A huge, attractive gym, packed with bicycles, stair climbers and treadmills (for which prior reservation is required), is a haven for aerobic fans.

The less energetic can improve their computer skills, attend numerous lectures, play bridge, watch movies or take part in arts and crafts.

Bingo and the casino vie with each other to separate the traveler from his money.

In the evening, the 450-seat Vista Lounge and the 748-seat Princess Amphitheater, both with excellent acoustics, offer shows by Princess’ own world-class dancers and singers, top-notch comedians and magicians.

Of course, if dancing is your forte, you can waltz to your heart’s content in one of the lounges. If you just want to drink, you will find an ample supply of liquor aboard.

One evening, a fully imbibed passenger waddled over to the casino’s blackjack table, where he amazed everybody by betting $1,000 at each round. In the process, he became so ecstatic that he stuck a $100 chip in the bottom of his vodka-tonic glass. As he emptied the tumbler, the chip stayed inside. When the waitress brought his next drink, he handed her his empty, expensive $100 glass.

While many people join a cruise to partake in all these activities, others look for the excitement of visiting faraway, exotic ports. Our cruise stopped in Hawaii, Bora Bora, Tahiti, Pago Pago (American Samoa), Fiji, New Zealand and, in Australia, Sydney. The swiftness with which passengers were ferried ashore by tender whenever the ship was unable to dock at the quay was remarkable.

While Princess offered guided excursions in every port, passengers not interested in a tour could rent a taxi at a reasonable cost wherever the ship docked. This worked out well except in Pago Pago, where drivers reneged on the mutually agreed-on round-trip fare established before the tour had started.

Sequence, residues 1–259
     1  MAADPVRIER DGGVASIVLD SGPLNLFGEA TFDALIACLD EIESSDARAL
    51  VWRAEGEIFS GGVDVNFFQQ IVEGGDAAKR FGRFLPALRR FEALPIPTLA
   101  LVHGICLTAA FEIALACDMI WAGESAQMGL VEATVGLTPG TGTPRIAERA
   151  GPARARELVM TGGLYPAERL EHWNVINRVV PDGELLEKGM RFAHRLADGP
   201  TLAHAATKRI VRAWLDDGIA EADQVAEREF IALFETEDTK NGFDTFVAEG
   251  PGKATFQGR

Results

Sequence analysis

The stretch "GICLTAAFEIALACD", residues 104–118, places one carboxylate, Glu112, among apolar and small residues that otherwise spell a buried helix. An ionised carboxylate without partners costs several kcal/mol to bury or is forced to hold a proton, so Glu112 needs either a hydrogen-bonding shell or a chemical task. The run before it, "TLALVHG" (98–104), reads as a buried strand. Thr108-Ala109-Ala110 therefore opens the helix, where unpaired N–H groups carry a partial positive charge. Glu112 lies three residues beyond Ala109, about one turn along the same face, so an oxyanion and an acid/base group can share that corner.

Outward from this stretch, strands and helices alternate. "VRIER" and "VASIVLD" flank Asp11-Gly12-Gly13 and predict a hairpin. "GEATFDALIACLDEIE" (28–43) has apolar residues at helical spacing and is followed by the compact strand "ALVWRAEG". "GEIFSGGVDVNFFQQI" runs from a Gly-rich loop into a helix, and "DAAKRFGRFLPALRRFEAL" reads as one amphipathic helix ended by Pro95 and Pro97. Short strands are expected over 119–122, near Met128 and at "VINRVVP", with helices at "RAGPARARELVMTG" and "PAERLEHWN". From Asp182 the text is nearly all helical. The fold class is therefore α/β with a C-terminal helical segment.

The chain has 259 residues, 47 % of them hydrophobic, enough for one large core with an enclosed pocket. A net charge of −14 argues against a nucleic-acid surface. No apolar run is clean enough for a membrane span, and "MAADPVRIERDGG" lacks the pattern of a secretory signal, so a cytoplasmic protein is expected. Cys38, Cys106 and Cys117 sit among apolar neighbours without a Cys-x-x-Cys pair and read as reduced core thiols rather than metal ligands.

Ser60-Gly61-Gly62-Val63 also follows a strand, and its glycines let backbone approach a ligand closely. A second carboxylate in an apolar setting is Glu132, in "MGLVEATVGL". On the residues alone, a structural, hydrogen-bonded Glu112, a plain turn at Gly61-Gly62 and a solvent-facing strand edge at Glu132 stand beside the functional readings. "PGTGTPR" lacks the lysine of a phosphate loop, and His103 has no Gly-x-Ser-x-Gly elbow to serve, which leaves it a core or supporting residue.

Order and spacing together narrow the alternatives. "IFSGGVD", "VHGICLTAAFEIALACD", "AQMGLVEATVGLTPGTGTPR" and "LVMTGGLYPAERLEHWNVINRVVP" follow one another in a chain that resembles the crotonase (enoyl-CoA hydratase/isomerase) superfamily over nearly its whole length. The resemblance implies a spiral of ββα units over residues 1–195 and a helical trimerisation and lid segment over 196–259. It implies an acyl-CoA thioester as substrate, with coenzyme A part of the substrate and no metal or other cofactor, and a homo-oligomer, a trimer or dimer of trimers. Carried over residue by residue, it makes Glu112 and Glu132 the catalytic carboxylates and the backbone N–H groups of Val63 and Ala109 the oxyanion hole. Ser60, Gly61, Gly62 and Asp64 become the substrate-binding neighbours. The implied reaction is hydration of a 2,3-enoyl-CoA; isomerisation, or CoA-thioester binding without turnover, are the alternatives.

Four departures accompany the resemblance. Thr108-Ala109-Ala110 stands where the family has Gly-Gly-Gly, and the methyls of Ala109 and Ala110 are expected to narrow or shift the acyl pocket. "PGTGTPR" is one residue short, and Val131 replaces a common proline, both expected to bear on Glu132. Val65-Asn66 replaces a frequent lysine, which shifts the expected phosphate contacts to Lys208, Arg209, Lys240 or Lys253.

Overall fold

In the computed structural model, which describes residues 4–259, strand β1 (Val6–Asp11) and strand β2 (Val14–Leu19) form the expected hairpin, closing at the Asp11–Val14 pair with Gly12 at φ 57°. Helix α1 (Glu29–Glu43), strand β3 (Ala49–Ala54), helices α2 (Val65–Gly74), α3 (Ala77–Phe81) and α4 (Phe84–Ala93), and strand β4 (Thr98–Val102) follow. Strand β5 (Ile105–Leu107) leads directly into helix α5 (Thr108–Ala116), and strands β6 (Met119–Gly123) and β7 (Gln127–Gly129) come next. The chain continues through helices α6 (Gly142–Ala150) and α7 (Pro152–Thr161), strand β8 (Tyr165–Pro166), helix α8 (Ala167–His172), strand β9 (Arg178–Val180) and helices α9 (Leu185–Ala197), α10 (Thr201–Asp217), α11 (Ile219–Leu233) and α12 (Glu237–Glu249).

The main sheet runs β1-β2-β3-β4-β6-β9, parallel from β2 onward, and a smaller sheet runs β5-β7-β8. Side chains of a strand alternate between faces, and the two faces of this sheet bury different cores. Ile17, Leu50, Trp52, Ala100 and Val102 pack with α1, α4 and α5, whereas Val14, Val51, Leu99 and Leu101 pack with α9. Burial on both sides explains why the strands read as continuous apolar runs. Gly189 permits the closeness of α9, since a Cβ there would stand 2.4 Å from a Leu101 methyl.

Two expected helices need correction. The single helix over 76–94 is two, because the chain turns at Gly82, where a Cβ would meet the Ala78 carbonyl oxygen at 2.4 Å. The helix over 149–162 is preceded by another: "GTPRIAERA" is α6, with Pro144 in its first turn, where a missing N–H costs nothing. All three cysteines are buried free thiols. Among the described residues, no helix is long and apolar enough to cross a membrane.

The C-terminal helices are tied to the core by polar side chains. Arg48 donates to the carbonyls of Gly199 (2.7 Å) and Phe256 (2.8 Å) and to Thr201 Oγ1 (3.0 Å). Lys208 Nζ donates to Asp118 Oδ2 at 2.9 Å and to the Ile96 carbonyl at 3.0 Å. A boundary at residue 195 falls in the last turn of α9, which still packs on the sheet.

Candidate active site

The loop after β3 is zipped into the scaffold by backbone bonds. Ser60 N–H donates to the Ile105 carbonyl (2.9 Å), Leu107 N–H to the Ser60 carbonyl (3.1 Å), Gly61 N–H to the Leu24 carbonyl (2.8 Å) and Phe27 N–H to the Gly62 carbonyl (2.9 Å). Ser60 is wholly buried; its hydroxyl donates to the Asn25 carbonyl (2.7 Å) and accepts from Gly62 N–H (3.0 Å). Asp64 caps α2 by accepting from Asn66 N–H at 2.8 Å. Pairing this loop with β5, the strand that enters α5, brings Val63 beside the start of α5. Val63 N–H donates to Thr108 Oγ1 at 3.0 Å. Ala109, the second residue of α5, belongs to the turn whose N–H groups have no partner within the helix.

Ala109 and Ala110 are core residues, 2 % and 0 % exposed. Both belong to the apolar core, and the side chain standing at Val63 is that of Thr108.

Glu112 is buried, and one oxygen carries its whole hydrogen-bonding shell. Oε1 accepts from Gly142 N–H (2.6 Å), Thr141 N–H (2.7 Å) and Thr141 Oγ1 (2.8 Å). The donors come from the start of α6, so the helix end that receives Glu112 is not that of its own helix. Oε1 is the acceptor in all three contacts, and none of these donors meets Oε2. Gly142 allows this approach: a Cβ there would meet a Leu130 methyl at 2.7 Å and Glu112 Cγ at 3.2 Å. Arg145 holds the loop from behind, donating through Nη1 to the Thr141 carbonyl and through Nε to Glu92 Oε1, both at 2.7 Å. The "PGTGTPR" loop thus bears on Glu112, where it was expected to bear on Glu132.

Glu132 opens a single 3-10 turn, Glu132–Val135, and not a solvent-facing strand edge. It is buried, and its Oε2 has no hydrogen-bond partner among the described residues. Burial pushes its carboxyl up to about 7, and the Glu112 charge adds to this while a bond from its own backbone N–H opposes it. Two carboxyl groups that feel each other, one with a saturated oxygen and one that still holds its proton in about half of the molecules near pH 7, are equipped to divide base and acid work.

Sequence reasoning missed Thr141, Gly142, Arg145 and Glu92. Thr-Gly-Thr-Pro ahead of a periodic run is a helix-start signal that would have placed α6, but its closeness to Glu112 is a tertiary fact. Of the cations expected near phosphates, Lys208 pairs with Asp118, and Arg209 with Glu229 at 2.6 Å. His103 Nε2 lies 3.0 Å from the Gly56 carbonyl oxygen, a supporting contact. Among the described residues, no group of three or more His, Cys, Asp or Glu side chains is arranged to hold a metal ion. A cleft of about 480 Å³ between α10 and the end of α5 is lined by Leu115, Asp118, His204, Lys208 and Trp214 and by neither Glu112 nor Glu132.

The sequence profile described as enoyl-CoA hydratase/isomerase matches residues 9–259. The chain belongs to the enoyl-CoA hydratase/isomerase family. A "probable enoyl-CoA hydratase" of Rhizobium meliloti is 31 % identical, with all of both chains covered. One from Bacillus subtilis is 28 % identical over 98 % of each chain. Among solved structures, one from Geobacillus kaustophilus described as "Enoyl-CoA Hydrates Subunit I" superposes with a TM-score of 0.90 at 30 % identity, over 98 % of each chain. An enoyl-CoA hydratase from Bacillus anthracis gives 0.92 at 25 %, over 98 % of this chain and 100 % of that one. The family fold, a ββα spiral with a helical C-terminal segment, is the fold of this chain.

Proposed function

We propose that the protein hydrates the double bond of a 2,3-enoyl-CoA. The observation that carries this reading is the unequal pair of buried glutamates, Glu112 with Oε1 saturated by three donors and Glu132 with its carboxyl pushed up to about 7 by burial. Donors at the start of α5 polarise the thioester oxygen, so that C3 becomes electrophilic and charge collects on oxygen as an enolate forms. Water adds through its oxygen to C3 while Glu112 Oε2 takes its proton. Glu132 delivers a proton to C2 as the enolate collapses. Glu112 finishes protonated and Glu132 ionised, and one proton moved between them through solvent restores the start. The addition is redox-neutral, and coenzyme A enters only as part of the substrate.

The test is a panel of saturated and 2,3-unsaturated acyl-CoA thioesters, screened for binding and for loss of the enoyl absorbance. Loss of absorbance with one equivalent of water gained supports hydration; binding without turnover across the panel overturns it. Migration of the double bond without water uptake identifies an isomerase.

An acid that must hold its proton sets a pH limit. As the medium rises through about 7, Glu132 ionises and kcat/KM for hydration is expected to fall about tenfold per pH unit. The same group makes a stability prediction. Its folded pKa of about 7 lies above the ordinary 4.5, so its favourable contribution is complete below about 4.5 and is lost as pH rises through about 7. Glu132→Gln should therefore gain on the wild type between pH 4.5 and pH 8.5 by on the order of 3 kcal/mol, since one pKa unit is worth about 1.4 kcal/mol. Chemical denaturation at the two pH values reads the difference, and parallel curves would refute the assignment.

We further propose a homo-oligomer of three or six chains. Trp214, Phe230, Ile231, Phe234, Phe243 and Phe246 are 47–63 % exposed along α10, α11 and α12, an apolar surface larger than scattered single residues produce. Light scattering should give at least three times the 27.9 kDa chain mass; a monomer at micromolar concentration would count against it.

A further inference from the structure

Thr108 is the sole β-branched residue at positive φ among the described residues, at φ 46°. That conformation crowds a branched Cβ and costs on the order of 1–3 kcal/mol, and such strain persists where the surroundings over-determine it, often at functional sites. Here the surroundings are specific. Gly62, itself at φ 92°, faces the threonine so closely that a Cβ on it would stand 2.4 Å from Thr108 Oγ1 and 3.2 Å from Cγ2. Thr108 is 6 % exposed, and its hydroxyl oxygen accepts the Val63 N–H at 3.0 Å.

Medical facility

After having read about all the fun you can have, a nagging question may raise its head. What if I get sick on board or have an accident?

There is no need to worry. The ship is staffed by two M.D.s, employed by Princess. The senior M.D. took me on a tour of the tiptop medical facility, which has seven beds for inpatients.

The large, polished laboratory is equipped to do most blood tests, and the pharmacy is stocked with a tremendous variety of oral and intravenous medications.

State-of-the-art digital x-ray machines can magnify a chosen area of an x-ray film with the click of a mouse, resulting in a picture of unsurpassed clarity on the single $1,000 x-ray plate, which, after copying and erasing, can be used again and again. Placing the plate in the lighted viewing box and hitting “send” transfers the picture immediately to a consultant in Southampton, England.


I can heartily recommend a cruise on the wonderful Star Princess.

I want to thank Princess Cruises for the wonderful cabin upgrade and all the other courtesies extended to us.

For further information, call 1-800-PRINCESS or go to or call your travel agent. We routinely use the very accommodating agency Cruise Specialists in Seattle, who invariably have offered the best fare. Call 800/544-2469, fax 206/281-0269.